Calico Jack was an infamous pirate active towards the end of the golden age of piracy, whose two most important claims to fame are the adoption of the Jolly Roger pirate’s flag, (whose black background with a skull and crossed sabers motif has served to represent pirates even to the present day) and the adoption of female crew members who become infamous pirates in their own right. It is known that he was English in origin, although further details of his pre-pirate life have escaped documentation.
Having served on the sloop of the captain Charles Vane, Calico Jack was promoted to captain of the pirate ship during a stand off involving a French man-o-war that the pirate crew wanted to capture. Vane refused to attempt engaging the large and heavily armed ship, but the overwhelming majority of pirates felt that the gains to be made merit the risk, and Vane was deposed in the resulting mutiny. By the year 1719, Calico Jack was at the head of his own small fleet that he quickly enlarged with daring exploits in which he would capture larger and more heavily armed ships through the use of strategy.
One of the most intriguing characteristics of Calico Jack’s pirate career was the allowance of women aboard his ships, although this took place in two separate situations: Anne Bonny eloped with the captain and joined the pirate crew, while Mary Read joined under the disguise of a man and was only later forced to divulge the secret of her gender to those onboard. Both of these women became famous and respected pirates in their time, tied to the successes of Calico Jack in the Caribbean waters.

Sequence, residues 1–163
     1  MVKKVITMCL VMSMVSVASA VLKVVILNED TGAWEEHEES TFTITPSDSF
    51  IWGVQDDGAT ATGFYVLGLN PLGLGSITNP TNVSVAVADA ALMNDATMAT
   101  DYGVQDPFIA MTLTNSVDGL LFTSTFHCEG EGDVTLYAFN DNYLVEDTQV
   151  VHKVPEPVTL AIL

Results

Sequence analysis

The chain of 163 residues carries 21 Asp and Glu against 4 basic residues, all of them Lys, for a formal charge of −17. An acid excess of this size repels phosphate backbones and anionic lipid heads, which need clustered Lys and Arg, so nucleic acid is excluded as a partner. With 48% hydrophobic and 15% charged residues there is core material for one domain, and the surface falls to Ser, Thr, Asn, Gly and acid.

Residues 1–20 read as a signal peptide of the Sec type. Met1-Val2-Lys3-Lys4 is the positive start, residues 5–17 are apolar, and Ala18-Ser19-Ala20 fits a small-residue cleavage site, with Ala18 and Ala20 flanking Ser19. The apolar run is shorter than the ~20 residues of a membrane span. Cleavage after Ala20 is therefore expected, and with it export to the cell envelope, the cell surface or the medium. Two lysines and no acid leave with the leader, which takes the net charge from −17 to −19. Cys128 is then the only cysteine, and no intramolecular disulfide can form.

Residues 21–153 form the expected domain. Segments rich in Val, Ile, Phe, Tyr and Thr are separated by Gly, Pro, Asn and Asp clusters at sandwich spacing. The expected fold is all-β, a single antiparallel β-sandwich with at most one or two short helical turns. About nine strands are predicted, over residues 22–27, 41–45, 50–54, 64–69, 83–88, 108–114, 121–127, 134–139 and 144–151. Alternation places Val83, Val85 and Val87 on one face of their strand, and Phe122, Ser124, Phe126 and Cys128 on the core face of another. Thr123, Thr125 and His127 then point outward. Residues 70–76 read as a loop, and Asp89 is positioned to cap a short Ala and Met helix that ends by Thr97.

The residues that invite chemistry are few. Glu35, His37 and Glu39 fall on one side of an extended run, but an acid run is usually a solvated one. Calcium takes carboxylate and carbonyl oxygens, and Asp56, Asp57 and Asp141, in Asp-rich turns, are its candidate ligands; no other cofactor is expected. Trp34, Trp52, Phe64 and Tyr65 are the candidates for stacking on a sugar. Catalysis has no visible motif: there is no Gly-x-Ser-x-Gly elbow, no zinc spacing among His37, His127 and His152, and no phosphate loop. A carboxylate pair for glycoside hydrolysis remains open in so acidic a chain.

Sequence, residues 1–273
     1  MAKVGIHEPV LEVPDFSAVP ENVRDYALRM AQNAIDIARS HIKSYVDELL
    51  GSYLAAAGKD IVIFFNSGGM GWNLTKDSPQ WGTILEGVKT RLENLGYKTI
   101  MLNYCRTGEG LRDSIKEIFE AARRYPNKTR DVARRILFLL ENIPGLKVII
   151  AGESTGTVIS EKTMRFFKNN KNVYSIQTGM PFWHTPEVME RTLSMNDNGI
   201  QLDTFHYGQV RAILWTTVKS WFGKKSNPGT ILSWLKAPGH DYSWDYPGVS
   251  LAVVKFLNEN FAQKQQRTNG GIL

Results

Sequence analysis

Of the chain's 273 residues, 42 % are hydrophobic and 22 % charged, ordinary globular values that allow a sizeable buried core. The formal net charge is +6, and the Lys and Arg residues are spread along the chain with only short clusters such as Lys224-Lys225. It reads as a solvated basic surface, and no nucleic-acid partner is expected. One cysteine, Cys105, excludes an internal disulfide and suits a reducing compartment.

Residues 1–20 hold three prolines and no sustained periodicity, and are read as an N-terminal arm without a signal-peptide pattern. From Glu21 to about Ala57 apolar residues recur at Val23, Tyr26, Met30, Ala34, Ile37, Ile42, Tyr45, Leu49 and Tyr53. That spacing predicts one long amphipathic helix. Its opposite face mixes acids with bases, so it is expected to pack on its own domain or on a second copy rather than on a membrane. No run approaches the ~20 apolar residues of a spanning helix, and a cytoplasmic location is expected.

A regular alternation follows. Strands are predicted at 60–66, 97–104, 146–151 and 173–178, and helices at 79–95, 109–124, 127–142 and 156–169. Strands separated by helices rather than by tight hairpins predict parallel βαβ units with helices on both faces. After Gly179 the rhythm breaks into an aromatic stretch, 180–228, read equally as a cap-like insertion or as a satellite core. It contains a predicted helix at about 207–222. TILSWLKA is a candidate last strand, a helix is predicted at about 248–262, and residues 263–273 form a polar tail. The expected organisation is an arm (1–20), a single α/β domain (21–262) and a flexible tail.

In 1720, the Governor of the Bahamas declared Calico Jack to be a top priority for pirate hunters in the area, and the pirate hunter Jonathan Barnet soon thereafter captured his crew. Barnet captured the crew in one fell swoop, while they were drunk, at anchor in Bry Harbour Bay, Jamaica. In the following month, Calico Jack was sentenced to hang along with the rest of his crew, save the two women who pleaded for a stay of execution on account of their pregnancies. By 1721, the crew had been legally executed and Calico Jack’s career of piracy was put to its end.